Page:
The Value of Bank Relationships: Evidence from Belgium at the Start of the Great Depression
35 Pages Posted: 7 Sep 2010
Date Written: September 6, 2010
We analyze the impact of bank relationships on the performance of Belgian firms listed on the Brussels stock exchange at the start of the Great Depression, in 1929–1931. Most of these firms were affiliated with one or more banks via interlocking directorships. Taking into account the number of affiliated banks and their size, the proportion of bank directors on the board, and the number of board seats held by bank directors, we find that bank affiliations did not affect stock returns in 1929. On the other hand, firm value was positively related to the number of board seats held by the firm directors before 1929, but not after 1929. This result holds for both bank directors and other directors. Combined, our results suggest that firms did not derive any benefits from bank affiliations at the start of the Great Depression.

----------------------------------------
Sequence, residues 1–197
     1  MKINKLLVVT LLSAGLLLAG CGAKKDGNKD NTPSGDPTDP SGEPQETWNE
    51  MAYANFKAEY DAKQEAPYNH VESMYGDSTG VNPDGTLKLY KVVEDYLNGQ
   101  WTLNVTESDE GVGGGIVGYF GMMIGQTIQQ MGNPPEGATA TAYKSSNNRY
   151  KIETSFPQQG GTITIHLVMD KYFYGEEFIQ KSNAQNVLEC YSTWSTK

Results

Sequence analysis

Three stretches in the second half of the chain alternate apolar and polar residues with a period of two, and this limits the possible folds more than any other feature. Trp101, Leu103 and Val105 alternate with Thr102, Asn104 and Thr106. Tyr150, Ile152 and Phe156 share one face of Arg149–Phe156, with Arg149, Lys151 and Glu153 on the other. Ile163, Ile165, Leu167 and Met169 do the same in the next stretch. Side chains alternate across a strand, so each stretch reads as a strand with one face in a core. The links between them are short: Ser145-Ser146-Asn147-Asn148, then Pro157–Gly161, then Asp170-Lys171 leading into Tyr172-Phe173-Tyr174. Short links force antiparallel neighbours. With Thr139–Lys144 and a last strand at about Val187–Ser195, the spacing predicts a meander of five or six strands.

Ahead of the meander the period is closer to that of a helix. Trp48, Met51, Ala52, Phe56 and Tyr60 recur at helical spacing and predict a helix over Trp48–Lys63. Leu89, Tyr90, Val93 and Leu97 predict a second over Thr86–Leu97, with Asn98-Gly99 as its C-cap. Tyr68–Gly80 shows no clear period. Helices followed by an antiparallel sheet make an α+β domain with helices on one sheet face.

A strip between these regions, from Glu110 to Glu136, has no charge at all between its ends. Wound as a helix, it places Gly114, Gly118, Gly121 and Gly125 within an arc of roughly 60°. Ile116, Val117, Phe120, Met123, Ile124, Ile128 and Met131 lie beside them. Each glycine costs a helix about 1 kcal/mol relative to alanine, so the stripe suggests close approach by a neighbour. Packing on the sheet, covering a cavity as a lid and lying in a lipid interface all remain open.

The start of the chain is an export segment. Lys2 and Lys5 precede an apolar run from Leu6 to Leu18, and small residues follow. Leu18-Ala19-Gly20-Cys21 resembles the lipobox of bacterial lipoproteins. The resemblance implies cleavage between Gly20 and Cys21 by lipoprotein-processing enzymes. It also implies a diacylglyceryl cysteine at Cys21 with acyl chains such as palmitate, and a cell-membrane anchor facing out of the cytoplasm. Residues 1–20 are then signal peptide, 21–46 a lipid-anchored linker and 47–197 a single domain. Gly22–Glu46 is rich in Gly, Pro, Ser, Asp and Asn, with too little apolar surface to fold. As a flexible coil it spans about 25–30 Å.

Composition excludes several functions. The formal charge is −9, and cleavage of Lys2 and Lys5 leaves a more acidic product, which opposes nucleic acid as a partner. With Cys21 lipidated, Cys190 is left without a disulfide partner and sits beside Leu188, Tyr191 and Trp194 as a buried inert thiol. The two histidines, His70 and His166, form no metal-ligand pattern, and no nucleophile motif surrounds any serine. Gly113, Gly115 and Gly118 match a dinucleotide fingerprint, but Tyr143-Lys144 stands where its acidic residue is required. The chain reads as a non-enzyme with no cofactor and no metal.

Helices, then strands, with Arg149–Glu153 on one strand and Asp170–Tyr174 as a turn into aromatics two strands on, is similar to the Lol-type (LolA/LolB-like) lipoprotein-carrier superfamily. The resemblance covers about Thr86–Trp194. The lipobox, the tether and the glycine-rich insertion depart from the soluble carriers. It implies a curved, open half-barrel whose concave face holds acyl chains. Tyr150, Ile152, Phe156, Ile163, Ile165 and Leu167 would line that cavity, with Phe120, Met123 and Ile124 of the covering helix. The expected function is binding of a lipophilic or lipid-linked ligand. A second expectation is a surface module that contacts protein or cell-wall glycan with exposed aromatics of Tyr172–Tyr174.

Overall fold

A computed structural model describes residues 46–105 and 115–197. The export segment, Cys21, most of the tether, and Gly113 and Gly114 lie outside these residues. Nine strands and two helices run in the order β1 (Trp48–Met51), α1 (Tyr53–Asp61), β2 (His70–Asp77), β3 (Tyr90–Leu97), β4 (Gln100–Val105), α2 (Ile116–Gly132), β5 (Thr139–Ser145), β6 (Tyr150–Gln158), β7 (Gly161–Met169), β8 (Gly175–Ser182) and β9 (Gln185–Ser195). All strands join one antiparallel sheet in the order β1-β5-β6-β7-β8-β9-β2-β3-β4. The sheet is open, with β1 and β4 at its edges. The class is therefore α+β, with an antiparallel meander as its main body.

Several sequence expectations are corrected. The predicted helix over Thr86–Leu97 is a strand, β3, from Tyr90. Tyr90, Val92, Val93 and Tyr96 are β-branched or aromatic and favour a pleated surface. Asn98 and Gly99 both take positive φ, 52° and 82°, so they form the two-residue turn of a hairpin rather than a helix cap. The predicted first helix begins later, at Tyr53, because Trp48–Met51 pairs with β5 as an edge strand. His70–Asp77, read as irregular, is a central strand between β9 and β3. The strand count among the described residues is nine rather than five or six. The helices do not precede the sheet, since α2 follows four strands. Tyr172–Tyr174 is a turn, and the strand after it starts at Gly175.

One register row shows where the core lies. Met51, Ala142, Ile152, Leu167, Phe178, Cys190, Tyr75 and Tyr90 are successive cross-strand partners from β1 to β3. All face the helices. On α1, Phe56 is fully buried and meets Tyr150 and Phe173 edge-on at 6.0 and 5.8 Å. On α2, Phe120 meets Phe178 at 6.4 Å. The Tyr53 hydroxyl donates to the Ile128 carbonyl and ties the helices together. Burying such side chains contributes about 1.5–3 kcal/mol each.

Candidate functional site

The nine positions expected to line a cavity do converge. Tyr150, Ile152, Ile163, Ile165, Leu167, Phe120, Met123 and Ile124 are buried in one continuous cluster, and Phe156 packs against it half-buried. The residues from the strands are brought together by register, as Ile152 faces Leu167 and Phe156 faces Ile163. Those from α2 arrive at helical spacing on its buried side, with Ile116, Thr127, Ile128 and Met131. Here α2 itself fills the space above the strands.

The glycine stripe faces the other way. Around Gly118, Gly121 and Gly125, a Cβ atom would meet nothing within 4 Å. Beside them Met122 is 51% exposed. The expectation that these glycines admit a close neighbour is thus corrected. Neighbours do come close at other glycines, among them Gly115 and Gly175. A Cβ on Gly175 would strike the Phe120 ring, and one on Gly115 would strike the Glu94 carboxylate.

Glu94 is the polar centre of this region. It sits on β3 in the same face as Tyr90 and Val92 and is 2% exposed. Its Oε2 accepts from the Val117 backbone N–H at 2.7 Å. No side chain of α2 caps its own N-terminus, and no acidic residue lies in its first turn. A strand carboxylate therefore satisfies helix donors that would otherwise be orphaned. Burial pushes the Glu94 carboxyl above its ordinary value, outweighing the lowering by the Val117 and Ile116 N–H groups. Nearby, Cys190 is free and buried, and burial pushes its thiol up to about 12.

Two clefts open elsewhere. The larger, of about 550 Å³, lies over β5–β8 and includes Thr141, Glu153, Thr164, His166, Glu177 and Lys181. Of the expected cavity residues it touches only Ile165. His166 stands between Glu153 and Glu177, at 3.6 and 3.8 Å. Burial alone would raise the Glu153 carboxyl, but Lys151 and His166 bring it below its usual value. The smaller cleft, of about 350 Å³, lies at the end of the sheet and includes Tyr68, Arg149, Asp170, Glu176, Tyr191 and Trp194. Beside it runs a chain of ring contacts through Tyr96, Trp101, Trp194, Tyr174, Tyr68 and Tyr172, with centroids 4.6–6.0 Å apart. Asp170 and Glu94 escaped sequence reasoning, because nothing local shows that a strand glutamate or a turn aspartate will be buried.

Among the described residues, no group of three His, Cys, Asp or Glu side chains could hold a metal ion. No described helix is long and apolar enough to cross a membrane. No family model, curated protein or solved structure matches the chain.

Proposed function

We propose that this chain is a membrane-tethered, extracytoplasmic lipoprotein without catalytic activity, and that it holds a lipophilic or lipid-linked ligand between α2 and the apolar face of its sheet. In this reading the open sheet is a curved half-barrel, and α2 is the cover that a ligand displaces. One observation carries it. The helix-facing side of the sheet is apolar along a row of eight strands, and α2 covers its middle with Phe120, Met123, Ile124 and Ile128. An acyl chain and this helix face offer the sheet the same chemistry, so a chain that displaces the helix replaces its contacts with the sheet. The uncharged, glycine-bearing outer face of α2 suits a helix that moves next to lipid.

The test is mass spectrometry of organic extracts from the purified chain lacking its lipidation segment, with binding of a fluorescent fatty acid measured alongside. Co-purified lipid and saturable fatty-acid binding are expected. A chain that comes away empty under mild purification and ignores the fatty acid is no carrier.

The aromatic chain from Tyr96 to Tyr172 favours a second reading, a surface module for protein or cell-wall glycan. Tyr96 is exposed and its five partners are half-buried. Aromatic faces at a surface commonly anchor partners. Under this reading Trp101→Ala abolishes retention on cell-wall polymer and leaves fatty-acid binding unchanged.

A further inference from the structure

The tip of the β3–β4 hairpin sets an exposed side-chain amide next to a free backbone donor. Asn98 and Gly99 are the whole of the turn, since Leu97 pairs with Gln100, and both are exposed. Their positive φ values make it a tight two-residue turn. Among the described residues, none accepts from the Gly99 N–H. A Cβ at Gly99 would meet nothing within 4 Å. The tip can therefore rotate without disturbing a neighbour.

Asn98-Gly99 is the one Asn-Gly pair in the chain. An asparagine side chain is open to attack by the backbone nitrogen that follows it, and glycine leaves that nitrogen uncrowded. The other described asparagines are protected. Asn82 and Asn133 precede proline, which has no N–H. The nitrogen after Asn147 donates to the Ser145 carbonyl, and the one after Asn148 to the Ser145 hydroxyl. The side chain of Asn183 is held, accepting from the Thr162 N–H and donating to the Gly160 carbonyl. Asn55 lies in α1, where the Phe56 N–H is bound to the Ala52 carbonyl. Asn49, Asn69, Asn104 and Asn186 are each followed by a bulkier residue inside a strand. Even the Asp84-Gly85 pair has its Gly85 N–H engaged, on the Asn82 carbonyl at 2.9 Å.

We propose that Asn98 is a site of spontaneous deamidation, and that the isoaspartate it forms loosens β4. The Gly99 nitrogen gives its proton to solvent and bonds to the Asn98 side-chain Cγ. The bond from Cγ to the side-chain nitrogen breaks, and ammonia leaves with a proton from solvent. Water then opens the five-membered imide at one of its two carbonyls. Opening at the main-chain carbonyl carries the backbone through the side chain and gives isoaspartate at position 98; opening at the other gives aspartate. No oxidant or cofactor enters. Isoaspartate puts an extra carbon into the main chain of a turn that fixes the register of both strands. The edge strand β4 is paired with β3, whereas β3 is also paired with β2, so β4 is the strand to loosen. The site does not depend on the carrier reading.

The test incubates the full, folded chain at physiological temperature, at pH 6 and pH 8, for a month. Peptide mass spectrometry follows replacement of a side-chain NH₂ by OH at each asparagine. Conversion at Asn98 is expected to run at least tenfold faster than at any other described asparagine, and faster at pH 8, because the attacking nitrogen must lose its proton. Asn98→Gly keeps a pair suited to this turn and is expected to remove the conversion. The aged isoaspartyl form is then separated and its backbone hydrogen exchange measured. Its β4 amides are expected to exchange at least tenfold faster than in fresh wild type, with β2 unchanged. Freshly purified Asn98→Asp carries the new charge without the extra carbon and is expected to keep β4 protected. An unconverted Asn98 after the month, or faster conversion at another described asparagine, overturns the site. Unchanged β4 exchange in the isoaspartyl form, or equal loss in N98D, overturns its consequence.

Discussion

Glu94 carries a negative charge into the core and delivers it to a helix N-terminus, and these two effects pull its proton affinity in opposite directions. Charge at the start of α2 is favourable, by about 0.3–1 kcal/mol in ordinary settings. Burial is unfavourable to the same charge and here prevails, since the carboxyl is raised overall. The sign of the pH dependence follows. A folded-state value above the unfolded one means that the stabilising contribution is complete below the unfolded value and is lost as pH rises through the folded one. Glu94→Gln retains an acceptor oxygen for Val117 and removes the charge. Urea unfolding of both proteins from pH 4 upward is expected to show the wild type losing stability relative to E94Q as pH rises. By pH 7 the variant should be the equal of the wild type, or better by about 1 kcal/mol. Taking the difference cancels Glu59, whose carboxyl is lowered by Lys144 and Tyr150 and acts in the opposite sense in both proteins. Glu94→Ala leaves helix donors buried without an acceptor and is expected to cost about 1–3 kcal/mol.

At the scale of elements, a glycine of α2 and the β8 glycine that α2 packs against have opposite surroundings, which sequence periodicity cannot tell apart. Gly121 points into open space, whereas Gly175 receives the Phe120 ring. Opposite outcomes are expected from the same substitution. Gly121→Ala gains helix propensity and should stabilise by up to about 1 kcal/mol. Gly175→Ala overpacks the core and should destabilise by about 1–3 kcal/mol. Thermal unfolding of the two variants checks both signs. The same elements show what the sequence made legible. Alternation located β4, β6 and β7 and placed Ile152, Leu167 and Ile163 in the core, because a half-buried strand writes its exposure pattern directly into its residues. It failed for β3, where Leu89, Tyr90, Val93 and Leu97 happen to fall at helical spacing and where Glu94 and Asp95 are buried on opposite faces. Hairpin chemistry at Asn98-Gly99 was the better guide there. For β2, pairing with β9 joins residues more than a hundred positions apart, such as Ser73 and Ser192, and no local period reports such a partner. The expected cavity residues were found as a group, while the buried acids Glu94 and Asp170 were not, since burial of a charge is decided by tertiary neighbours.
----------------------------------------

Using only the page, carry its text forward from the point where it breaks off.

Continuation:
Keywords: Bank relationships, Interlocking directorships, Busy directors, Firm value, Great Depression, Belgium
JEL Classification: G21, G30, G24
Suggested Citation: Suggested Citation